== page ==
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64 Ala. L. Rev. 867 (2012-2013)
Moral Psychology and the Law: How Intuitions Drive Reasoning, Judgment, and the Search for Evidence

handle is hein.journals/bamalr64 and id is 907 raw text is: MORAL PSYCHOLOGY AND THE LAW: How INTUITIONS
Jonathan Haidt*
My talk today is about a delusion that is stalking the halls of the
academy. Delusion is defined by Webster's as a false conception and
persistent belief unconquerable by reason in something that has no
existence in fact.' In his book The God Delusion, Richard Dawkins used
the word delusion in this way.2 He defined the God delusion as the belief
in a superhuman, supernatural intelligence who deliberately designed and
created the universe and everything in it, including us.3 He then argued
that religious people are unconquerable by reason, because if they were
reasonable, they would see the falsity of their belief. He argued that there is
no such thing as a God defined in this way. Whether or not you agree with
Dawkins' atheism, his book is a useful example of how one might go about
arguing for the existence of a mass delusion.
The mass delusion that I want to talk about today is the rationalist
delusion in ethics. I define it like this: The belief in a reliable faculty of
reasoning, capable of operating effectively and impartially even when self-
interest, reputational concerns, and intergroup conflict pull toward a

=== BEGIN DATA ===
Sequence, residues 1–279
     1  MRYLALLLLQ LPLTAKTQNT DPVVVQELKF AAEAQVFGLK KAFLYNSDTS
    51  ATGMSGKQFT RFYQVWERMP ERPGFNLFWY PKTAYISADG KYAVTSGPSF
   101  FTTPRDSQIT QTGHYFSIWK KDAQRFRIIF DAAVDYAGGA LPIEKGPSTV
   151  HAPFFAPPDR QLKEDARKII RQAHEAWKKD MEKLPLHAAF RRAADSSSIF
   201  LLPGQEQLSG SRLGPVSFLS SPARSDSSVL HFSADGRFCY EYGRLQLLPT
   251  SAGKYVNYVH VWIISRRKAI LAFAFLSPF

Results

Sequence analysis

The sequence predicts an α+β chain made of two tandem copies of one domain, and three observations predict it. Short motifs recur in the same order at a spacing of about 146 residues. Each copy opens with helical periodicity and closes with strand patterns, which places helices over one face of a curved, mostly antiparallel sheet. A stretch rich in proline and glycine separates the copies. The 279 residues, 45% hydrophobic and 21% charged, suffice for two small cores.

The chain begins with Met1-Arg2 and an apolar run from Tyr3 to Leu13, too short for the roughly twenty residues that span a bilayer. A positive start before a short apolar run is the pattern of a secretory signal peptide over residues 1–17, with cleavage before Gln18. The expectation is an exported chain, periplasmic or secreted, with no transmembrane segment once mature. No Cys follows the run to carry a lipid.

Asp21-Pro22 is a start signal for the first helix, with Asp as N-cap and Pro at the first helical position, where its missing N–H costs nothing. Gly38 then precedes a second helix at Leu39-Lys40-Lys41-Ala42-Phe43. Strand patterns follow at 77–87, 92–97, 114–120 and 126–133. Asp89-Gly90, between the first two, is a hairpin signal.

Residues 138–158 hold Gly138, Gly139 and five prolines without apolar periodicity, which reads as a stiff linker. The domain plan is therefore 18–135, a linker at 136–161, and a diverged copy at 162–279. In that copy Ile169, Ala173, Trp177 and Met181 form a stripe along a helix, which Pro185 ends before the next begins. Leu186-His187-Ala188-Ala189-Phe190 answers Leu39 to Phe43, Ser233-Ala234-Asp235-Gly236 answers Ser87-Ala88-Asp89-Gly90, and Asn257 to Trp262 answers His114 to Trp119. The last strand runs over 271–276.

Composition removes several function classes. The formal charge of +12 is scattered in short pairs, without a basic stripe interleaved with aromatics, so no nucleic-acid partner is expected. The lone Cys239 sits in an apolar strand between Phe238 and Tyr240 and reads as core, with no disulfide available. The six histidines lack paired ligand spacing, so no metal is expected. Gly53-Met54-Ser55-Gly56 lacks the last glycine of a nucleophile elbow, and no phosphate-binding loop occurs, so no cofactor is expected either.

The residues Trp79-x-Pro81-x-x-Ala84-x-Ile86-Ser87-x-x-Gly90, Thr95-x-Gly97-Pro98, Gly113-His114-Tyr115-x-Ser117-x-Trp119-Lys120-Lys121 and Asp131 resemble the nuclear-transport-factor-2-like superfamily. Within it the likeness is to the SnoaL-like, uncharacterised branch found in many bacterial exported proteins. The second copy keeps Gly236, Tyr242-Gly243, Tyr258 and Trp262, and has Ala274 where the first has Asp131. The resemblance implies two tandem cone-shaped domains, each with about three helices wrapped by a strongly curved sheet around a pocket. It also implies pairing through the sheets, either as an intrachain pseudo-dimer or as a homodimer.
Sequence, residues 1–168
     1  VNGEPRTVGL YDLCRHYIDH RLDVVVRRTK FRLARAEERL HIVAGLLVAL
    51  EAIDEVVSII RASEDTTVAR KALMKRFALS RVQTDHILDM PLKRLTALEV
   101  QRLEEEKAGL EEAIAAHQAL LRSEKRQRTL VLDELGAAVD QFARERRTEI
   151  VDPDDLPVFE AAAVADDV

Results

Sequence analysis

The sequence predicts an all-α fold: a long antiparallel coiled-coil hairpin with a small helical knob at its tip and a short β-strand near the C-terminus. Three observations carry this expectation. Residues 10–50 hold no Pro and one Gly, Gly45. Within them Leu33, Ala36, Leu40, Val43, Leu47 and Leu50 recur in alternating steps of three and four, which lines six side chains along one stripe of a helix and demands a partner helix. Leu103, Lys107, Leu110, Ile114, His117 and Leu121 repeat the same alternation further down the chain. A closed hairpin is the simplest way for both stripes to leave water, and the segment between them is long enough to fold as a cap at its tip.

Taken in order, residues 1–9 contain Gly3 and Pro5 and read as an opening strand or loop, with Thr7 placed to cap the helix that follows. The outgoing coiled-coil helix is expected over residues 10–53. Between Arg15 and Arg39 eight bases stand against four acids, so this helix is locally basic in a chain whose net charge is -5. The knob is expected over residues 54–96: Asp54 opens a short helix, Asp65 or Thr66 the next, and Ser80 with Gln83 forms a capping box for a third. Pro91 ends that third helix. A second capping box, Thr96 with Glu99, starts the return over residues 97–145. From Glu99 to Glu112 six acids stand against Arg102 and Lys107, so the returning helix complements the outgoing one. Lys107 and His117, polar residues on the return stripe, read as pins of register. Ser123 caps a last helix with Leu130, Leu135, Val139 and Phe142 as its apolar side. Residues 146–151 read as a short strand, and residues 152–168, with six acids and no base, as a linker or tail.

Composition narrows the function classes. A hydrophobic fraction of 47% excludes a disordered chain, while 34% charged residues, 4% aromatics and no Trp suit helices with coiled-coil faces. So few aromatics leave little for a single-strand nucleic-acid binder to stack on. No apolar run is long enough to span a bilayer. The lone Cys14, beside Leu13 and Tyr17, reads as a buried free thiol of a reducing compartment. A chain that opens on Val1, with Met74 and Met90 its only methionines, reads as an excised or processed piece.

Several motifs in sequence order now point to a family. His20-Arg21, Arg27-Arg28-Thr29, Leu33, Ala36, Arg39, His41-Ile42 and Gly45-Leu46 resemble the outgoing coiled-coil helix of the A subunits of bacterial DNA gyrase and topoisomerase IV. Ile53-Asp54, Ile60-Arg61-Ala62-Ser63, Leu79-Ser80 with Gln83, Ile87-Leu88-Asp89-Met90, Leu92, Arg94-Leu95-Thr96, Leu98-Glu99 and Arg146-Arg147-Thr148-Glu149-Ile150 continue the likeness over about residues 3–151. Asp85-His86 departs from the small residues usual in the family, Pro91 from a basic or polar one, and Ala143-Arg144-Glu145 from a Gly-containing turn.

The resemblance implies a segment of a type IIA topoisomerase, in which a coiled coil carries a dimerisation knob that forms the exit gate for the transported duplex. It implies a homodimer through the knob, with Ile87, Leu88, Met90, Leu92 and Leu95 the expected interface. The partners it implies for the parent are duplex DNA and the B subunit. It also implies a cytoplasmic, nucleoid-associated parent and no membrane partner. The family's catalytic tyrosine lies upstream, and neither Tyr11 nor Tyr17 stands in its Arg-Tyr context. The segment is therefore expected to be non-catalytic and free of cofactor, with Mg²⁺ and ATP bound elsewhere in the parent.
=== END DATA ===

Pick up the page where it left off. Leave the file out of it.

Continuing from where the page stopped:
particular conclusion. The word rationalism has a variety of meanings in
philosophy. I am using the term to indicate a fairly moderate position-the
view that reason is the chief source of valid knowledge about ethics-not
the more radical claim that it is the only source.
So is reason the chief source of knowledge about ethical truths? In
several review papers4 I have shown that there is a mountain of evidence
demonstrating the deficiencies of human reasoning, and little or no
evidence that reasoning can perform in the way that rationalist theories of
*   Thomas Cooley Professor of Ethical Leadership, Leonard N. Stem School of Business, New
York University. Dr. Haidt delivered this lecture at The University of Alabama School of Law on
September 9, 2012.
3.   Id. at 52.
4.   See especially Jonathan Haidt, The New Synthesis in Moral Psychology, 316 SCIENCE 998
(2007); Jonathan Haidt & Selin Kesebir, Morality, in 2 HANDBOOK OF SOCIAL PSYCHOLOGY 797
(Susan T. Fiske et al eds., 5th ed. 2010). See also JONATHAN HAIDT, THE RIGHTEOUS MIND chs. 2-4

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